Elderly woman turns tables on alleged fraudsters, works with police who make arrest

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Police on Montreal’s South Shore have arrested two suspects who allegedly tried to scam an elderly woman. Instead, she turned the tables and helped police catch them.

Brayen Sneyder Hernandez-Pinzon, 24, appeared in the Longueuil courthouse on fraud and drug trafficking charges on Thursday, and a woman who was allegedly with him may also face charges.

Longueuil police (SPAL) officers arrested Hernandez-Pinzon and the woman after an alleged attempted fraud on Wednesday in the Chambley Road and Vauquelin Boulevard area of the city.

According to a SPAL news release, an elderly woman was called around 10 a.m. and was told that her granddaughter was arrested and needed $6,700 bail to be released.

“The complainant went to the bank, where employees warned her that it was a scam and that he should contact the police immediately,” the release reads. “The victim immediately went to the SPAL police station, where investigators from the Economic Crimes section quickly took charge of the investigation.”

Police then worked with the woman to arrest the suspects after they arrived at her house to pick up the money.

“Throughout the operation, the complainant was given directions by the police and was in constant communication with the investigators who were standing nearby to apprehend the suspects,” the release reads.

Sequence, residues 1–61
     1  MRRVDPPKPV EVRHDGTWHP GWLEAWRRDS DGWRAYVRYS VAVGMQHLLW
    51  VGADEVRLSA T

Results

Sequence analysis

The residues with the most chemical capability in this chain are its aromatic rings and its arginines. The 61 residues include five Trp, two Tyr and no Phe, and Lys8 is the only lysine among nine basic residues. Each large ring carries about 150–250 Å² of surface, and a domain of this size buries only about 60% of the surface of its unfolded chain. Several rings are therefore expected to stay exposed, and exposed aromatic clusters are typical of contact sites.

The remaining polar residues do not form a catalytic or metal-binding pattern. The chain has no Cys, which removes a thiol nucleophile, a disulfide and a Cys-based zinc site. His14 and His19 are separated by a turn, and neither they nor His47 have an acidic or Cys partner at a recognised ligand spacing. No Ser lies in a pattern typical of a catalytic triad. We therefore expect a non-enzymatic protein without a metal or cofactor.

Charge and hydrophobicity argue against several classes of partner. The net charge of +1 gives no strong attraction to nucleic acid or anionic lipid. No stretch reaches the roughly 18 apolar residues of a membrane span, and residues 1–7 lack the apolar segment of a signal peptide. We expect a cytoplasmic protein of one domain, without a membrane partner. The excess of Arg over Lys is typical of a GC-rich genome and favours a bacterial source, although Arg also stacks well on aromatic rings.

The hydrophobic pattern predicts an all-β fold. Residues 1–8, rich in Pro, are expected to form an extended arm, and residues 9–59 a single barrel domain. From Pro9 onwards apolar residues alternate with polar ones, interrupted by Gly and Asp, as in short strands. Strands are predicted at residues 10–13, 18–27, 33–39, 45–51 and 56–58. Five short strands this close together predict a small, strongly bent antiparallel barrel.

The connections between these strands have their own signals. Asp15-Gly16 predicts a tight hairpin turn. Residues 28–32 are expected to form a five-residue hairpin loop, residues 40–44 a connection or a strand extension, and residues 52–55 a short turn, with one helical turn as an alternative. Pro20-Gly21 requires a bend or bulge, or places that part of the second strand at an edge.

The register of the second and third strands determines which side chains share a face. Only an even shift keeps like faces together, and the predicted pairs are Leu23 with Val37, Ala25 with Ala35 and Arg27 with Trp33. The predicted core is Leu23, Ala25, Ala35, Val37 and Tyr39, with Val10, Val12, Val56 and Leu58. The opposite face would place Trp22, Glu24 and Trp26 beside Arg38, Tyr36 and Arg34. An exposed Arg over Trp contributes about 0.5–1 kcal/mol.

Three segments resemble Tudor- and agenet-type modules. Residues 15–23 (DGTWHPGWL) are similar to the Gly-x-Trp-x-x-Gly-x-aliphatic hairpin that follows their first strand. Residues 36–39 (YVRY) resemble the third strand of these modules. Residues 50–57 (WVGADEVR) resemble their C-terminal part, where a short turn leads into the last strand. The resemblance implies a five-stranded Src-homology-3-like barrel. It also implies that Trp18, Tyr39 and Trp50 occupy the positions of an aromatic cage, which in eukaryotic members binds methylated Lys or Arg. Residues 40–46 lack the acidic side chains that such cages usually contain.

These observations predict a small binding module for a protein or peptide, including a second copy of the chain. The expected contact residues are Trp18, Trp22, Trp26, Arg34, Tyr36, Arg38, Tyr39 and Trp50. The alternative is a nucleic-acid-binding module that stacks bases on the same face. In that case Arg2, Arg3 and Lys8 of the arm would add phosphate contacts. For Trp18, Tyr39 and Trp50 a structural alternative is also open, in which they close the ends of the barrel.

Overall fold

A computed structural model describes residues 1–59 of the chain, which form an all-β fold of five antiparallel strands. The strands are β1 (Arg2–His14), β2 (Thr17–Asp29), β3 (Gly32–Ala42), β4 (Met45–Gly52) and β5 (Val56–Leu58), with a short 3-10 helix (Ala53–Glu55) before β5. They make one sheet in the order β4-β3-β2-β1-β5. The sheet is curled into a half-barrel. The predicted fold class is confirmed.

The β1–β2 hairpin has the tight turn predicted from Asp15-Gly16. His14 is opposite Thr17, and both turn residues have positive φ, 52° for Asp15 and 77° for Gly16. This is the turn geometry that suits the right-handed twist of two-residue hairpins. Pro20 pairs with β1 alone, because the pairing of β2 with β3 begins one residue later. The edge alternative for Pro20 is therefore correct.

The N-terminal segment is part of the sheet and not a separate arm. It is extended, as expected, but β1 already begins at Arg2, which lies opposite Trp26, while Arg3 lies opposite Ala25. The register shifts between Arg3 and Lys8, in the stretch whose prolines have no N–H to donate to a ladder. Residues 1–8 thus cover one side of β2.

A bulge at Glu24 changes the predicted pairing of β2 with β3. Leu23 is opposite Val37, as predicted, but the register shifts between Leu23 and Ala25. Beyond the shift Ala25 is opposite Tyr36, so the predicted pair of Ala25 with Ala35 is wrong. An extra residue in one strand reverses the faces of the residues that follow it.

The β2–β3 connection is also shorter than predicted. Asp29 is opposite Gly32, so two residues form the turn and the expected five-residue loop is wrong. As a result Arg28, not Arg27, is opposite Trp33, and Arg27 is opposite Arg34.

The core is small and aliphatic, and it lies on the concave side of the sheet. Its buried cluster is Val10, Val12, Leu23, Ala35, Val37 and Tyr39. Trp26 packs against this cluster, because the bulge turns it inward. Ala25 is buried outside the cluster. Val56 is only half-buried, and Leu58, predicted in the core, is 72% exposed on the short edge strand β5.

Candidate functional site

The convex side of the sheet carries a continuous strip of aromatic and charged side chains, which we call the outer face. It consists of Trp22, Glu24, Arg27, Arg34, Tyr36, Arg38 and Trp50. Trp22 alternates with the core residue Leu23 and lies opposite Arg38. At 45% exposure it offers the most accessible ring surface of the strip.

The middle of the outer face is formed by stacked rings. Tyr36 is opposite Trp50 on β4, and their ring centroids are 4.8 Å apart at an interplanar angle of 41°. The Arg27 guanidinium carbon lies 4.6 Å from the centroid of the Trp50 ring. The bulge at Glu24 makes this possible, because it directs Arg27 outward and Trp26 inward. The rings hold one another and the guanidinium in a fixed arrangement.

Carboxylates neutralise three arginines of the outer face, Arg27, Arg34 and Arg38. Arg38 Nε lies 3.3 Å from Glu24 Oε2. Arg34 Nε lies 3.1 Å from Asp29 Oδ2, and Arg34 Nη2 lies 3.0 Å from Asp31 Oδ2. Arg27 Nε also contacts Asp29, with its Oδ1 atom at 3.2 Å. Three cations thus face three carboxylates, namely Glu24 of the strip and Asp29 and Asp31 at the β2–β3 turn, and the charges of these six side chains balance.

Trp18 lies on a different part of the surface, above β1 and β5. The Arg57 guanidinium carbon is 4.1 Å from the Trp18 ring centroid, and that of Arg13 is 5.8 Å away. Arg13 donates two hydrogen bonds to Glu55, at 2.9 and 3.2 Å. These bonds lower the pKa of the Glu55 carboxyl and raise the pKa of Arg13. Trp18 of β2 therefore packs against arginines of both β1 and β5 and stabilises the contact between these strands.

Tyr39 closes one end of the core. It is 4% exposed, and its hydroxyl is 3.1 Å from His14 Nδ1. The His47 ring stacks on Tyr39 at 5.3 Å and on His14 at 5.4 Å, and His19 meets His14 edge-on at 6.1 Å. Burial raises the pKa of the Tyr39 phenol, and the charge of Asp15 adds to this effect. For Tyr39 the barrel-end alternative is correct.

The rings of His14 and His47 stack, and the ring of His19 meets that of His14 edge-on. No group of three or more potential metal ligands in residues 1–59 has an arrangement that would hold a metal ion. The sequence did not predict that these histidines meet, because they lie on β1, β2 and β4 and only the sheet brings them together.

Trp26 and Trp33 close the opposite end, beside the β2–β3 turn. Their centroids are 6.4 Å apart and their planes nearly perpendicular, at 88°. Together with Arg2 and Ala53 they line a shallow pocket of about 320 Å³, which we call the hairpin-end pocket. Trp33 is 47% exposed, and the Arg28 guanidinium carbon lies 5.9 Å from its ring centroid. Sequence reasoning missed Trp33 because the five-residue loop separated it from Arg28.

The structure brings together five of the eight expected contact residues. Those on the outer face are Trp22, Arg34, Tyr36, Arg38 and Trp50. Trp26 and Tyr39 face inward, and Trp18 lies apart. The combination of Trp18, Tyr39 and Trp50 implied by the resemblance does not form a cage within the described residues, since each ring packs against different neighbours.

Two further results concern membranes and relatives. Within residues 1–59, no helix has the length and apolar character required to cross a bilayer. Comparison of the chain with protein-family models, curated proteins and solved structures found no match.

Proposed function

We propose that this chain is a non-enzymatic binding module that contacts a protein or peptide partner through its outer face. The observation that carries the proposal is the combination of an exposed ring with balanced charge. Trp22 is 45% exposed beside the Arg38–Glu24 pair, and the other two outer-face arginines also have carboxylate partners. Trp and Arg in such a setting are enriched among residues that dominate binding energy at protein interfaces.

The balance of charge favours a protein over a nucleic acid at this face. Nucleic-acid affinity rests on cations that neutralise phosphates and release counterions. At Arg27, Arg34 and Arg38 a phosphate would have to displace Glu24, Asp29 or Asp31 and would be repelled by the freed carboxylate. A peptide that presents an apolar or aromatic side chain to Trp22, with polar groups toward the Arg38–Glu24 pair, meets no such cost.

Hernandez-Pinzon was arrested while trying to pick up the money, and a woman waiting in the car was also arrested.

Police also seized cocaine and “illegal cannabis” from the vehicle, which was also seized due to the driver having an invalid licence.

Police are investigating whether the two men – from Mirabel and Saint-Jerome – may be connected to other crimes.

Hernandez-Pinzon is facing fraud and possession with the purpose of trafficking drugs charges.

He is known to police.

Police recommend the following to avoid being the target of fraud:

  •  Remain on guard even if the caller is very insistent and appears credible.
  •  If the caller asks you if you recognize them, answer “no.”
  •  Ask personal questions that only those close to you will be able to answer, such as the name of a relative or town of birth.
  •  If in doubt, hang up.
  •  Call a member of your family to confirm the information.
  •  Never transfer or hand over money following a telephone request.  

This article was originally sourced from www.CTVNews.ca